Although there is no single cause of HPD, a combination of genetic and environmental factors may be at play. The following issues may contribute to an HPD diagnosis:

  • childhood trauma
  • Family history of psychiatric illness or substance abuse disorder
  • Growing up with inconsistent, dramatic, or boundary-struggling caregivers

Women are much more likely to be diagnosed with HPD. However, research suggests that the disorder may be underreported in males, as the characteristic hyper-attractive nature of HPD is considered more socially acceptable in males.

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Only a mental health provider, such as a psychiatrist or psychologist, can diagnose a personality disorder, although a general practitioner can refer individuals to mental health services.

According to Diagnostic and Statistical Manual of Mental Disorders, Fifth Edition (DSM-5), which is the standard for psychiatric evaluation, individuals must display persistent attention-seeking behaviors and exhibit at least five of the following symptoms consistently in order to be diagnosed with HPD:

  • Need to be the center of attention
  • Inappropriate courtship behavior
  • Emotional lability and lack of depth
  • Relying on personal appearance to attract attention
  • Speech that lacks detail and substance
  • Theatrical and dramatic shows of emotions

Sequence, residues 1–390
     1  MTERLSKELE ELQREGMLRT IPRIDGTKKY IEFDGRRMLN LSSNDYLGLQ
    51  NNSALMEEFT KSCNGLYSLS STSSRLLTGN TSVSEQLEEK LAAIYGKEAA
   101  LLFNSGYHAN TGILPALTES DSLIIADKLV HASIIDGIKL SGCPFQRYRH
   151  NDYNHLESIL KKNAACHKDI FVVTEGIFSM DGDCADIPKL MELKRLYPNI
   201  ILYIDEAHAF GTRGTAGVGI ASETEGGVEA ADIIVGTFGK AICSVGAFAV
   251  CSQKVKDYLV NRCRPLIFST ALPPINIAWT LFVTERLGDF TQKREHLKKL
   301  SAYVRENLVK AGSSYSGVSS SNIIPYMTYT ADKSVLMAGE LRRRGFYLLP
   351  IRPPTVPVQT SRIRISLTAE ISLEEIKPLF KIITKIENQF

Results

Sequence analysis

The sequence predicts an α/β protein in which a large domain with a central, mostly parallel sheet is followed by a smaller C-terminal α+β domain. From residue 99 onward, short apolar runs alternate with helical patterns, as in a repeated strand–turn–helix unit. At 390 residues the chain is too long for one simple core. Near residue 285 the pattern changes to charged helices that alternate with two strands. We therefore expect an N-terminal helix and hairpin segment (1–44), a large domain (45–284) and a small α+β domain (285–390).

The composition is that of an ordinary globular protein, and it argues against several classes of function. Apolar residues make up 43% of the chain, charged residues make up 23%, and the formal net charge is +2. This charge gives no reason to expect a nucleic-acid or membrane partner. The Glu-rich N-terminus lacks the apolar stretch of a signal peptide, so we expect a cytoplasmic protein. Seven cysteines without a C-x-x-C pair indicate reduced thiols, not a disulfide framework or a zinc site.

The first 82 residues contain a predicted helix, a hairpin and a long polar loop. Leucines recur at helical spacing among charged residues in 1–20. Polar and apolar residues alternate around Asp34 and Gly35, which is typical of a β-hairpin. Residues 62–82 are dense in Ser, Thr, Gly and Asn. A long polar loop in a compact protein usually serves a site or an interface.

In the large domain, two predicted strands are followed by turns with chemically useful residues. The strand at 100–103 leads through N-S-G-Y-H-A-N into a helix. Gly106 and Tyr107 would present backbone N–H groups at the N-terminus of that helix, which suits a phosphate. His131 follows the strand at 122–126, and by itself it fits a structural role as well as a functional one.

• Highly Suggestive Nature
  • Misunderstands the level of intimacy of relationships

How to Treat Histrionic Personality Disorder

“Whether [HPD] left untreated, it can affect our relationships, our self-confidence, our ability to thrive in social settings, and our ability to raise awareness of our strengths, weaknesses, and opportunities for growth,” says the Dr. Zand. A person with untreated HPD can also become addicted to coping with their symptoms, he adds.

Although there isn’t much research on the effectiveness of treatments for HPD, and the disorder can be difficult to treat in some people, a few options that currently show promise include:

  • Individual psychotherapy, such as cognitive-behavioral therapy (CBT) or internal family systems (also called part therapy, Dr. Zand says).
  • Drugs in tandem with psychotherapy. These include antidepressants and monoamine oxidase inhibitors (MAOIs), which are medications often used when more traditional medications don’t seem to be working.
  • Psychodynamic therapy, which emphasizes self-reflection and examination, and uses the patient-therapist relationship as a tool to increase self-awareness.
  • Ketamine therapy can also be used, Dr. Zand notes, as a way to “reset emotionally, cognitively, and behaviorally hard-wired patterns.”

Although HPD is a lifelong disease, many people find that proper treatment improves their symptoms. If you think you or a loved one may be showing signs of HPD, contact a mental health provider for advice. You might also consider speaking with your primary care physician for a referral for diagnosis.